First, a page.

Most hardware out there seems IPv6 compliant these days, and it's really going to become a necessity soon for major systems to start adopting the protocol, I'm wondering why it's been so slow a process.
feren From: feren Date: May 19th, 2010 12:03 am (UTC) (Link)

Mixed bag o' trouble

It's a many-splendored ball of suck. I do not claim to be an expert like Randy Bush but my own experiences at home and in the professional field, paired with near-obsessive reading of NANOG, has given me some insights.

  • There is a chicken&egg sort of problem going on -- providers won't take IPv6 seriously, nor deploy it seriously, until there's demand. There's no demand for it because it hasn't been deployed. Right now there is no "killer app" that is driving IPv6 adoption. Mostly it is nerds & the occasional government mandate.
  • Consumer support -- most home CPE doesn't support IPv6. What I use for firewalls and routing as well as for switching at home does, but it's not "consumer-grade" as it was aimed more at the small branch-office market. My actual DSL "modem," something very consumer-grade that was provided by my ISP, doesn't know thing one about IPv6 (Some consumer devices, like various WAPs from Linksys and Buffalo and friends, can have a third-party firmware hacked into them that supports IPv6. This is not to be confused with "from the factory/provider" firmware images, which decidedly do NOT support IPv6). While a very few consumer-oriented providers are doing trials with IPv6, they're the minority and they face a lot of "legacy" equipment out in the field that will need to be replaced.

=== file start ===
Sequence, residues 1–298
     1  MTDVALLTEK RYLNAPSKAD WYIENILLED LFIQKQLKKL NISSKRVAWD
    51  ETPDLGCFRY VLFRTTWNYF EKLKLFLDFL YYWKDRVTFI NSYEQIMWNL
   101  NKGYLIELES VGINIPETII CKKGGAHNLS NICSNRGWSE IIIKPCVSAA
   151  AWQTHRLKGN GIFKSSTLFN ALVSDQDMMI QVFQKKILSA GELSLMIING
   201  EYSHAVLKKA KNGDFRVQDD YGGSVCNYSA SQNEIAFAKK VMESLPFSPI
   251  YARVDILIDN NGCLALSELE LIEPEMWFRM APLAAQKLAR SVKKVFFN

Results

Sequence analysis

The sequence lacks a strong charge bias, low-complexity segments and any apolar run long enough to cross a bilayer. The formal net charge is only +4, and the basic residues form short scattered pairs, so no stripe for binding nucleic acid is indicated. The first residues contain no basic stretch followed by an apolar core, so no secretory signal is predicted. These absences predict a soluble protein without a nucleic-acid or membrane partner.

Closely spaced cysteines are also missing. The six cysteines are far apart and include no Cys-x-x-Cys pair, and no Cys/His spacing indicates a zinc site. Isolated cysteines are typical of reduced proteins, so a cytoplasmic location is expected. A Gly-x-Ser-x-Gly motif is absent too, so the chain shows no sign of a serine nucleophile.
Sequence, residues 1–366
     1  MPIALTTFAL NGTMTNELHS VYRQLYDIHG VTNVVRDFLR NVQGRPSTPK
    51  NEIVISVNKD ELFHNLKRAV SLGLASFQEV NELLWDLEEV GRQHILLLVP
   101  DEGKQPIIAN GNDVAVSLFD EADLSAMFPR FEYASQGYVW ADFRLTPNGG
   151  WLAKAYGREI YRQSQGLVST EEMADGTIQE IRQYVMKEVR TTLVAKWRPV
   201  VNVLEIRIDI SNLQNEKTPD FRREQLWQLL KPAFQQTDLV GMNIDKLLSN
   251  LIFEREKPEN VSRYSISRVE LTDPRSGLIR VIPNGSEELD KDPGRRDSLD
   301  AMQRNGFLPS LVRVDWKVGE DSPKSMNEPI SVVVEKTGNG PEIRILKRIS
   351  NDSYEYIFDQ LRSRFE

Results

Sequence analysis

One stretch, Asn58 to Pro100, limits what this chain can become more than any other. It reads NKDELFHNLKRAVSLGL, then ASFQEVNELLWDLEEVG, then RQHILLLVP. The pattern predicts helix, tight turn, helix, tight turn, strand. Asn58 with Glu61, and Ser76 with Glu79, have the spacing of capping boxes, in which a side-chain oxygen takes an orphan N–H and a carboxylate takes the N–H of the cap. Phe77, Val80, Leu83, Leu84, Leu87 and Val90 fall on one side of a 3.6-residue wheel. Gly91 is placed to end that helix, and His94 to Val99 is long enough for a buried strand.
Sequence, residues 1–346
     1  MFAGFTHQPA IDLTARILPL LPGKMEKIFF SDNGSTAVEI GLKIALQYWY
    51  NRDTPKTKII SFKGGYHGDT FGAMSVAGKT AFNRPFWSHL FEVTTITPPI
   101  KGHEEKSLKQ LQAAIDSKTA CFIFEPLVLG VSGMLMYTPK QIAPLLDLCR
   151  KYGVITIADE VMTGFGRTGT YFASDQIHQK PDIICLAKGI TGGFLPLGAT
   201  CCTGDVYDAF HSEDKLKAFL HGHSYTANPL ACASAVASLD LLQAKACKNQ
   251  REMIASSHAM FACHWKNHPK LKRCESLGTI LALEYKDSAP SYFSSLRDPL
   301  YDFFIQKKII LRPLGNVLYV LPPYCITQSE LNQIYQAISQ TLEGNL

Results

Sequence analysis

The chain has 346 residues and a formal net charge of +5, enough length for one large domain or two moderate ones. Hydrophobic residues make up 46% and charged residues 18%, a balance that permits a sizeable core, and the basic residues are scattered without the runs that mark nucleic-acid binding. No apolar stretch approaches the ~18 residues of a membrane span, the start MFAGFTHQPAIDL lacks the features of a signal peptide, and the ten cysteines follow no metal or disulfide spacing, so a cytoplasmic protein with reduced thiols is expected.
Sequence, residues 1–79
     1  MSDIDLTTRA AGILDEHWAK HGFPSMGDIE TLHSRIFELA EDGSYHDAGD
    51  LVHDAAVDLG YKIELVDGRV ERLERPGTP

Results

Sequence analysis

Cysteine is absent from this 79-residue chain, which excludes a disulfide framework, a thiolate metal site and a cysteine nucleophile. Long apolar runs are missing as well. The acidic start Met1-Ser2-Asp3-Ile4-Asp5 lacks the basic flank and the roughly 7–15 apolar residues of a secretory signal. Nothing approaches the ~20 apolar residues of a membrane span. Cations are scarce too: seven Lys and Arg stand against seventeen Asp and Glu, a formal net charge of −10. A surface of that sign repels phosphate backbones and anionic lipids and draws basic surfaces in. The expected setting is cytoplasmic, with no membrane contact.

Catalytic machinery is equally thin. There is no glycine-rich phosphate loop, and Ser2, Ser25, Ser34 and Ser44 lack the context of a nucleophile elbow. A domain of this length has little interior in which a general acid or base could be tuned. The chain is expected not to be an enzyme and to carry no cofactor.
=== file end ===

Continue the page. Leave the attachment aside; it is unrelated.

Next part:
• Cost for replacement of legacy gear -- the money has to come from somewhere. If there's one thing about being a service provider in the US that I've seen, it's that being a provider is a drive towards zero-sum. People want internet, they want it fast, and they want it cheap. And they want all three, no subset of the options is acceptable. The second they think they can get a better deal elsewhere, they'll jump ship. This makes capital investment by providers extremely difficult! If they invest there's a strong risk they won't realize sufficient revenue to pay for the cost before the subscriber jumps to a different provider. Likewise, if they try to subsidize by passing the cost of the gear on to the subscriber (even in a limited percentage over a long time period) the customer will likely find the hike in cost unacceptable and jump ship.
  • Lots of FUD about IPv6, from how it will explode the cost of core routing infrastructure to how every person on the planet should receive a globally routable network allocation. Let's not forget the absence of my old "pal" NAT, which some people in the operations community view as a feature and some as a failure.
  • Lack of coherent direction -- A quick look at threads about IPv6 on NANOG, a forum full of networking experts, shows that there's nothing even close to a consensus on what needs to be done in what order or how to even go about it. Some will tell you that the protocol is a non-starter since some of its premises are broken out of the gate (using the MAC for the latter half of the IP address as I mentioned can be bypassed. The IETF ratified that the DUID can be permanently generated so the IP survives NIC swaps. Which sounds great, but can break all sorts of processes for businesses).
  • The afore-mentioned lack of supply & demand? It applies to the commercial (non-residential) ISP/NSP market as well. I have two very large transit providers serving my datacenter. Neither of them has native IPv6 transit, I have to bring everything I want into $EMPLOYER via a tunnel from the Hurricane Electric IPv6 Tunnel Broker. My third ISP, recently ditched, claimed to support native IPv6 -- when I inquired about it through no less than 4 different channels I got blank stares.

It goes on like this.
2 thoughts or Leave a thought